You are Owed Money —
Creditors' Role in Detecting Bankruptcy Abuse and Fraud

Creditors have a role in detecting bankruptcy abuse and fraud. Depending on the situation:

  • A creditor can oppose a bankrupt’s discharge from bankruptcy. The grounds for opposition are set out in section 173 of the Bankruptcy and Insolvency Act (BIA). The creditor must notify the trustee and the bankrupt of his/her opposition and the reasons for it, and must present evidence to the Court to support his/her arguments. In such cases, after hearing the parties, the Court will decide on the type of discharge for the bankrupt. Learn more about bankruptcy discharge and its consequences for the bankrupt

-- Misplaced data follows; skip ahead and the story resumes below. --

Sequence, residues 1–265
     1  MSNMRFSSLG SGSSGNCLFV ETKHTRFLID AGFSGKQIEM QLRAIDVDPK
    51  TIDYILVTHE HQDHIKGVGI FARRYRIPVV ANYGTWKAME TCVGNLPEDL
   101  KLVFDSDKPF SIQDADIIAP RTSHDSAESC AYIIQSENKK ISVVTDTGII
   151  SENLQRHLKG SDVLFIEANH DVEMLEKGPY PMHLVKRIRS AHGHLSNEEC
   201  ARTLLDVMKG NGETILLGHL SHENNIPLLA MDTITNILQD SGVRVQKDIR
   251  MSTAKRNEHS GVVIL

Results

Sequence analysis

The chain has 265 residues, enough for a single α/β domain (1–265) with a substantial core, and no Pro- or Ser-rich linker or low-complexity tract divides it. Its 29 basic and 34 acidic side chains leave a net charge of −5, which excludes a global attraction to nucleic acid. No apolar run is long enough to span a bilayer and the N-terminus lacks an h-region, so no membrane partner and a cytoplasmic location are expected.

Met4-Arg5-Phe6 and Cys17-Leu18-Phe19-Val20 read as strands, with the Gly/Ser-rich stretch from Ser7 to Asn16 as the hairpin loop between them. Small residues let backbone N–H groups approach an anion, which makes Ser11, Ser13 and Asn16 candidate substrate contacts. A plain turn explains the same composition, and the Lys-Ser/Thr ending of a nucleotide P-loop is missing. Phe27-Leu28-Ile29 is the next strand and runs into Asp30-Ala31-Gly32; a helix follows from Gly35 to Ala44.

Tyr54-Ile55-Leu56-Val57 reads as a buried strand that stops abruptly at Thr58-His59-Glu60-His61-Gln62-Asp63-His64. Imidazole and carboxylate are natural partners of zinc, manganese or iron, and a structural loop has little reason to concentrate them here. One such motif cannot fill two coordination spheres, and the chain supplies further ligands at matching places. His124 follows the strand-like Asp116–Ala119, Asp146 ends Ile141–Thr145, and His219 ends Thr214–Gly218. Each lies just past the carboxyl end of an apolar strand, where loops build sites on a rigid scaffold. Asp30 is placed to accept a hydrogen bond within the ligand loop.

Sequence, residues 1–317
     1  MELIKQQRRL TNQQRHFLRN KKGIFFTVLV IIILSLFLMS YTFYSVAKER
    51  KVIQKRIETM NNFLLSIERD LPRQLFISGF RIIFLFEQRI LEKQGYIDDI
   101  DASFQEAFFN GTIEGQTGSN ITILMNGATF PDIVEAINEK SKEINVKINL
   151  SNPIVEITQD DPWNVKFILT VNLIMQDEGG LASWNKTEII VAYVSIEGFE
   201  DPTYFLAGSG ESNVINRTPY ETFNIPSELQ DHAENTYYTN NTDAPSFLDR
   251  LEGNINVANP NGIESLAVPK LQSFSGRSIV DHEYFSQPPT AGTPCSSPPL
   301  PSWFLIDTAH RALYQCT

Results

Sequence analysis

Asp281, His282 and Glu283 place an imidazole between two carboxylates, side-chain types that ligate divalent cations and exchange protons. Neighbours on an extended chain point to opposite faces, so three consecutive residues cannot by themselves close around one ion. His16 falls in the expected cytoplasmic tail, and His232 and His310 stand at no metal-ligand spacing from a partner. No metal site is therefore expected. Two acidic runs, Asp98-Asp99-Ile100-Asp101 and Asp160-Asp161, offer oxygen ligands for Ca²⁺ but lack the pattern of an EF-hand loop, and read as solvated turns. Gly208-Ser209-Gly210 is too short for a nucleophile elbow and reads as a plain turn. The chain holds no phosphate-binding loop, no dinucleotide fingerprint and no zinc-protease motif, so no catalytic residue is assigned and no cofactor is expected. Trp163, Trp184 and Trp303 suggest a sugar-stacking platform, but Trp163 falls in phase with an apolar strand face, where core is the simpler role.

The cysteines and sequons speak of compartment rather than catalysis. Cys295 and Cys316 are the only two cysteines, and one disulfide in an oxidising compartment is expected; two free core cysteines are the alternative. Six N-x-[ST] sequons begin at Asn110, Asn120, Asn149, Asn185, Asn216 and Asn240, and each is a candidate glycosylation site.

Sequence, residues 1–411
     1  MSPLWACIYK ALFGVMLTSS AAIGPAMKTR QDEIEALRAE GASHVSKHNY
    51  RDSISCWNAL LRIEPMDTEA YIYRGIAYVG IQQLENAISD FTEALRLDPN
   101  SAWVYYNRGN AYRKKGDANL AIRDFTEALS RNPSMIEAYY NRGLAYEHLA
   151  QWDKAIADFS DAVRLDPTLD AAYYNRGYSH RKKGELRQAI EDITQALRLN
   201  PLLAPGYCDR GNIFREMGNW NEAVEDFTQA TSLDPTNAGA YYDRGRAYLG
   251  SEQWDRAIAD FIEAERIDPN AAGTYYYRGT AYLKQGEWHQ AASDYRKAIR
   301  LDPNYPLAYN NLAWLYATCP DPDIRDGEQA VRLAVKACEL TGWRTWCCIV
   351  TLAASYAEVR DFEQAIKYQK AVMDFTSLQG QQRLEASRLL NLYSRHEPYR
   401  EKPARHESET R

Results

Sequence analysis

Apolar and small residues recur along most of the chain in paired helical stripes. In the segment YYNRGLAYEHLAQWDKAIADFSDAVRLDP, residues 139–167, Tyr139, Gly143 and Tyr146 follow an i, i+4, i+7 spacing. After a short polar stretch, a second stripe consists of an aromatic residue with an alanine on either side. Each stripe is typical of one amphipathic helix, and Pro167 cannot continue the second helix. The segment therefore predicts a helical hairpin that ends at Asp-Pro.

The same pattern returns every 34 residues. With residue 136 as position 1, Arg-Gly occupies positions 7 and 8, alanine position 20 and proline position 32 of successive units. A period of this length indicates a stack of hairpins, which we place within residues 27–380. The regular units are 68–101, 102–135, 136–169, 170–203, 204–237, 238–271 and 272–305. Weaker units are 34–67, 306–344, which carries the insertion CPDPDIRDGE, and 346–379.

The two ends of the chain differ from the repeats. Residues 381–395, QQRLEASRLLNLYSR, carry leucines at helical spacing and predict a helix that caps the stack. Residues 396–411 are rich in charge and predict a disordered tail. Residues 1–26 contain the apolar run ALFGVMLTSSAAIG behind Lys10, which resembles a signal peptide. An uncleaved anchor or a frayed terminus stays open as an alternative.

• A creditor may also inform the trustee of any inappropriate transactions or preferential treatment on the part of the bankrupt that harmed his/her interests and those of other creditors. For example, a creditor may have knowledge of assets or transactions that the bankrupt failed to declare.
  • If a creditor suspects misconduct on the part of the bankrupt or fraudulent activities in connection with a bankruptcy file, he/she should contact the OSB.

To know what constitutes bankruptcy abuse and fraud, consult the section entitled "Bankruptcy Abuse and Fraud." The information focuses on the duties of the bankrupt, provides information on what constitutes non-compliant behaviour, and includes real-life examples of criminal convictions and Court decisions on bankrupt discharges.

The section also provides information on the discharge process, the roles of bankrupts and trustees, and investigations conducted by the OSB’s Special Investigation Units and the Royal Canadian Mounted Police.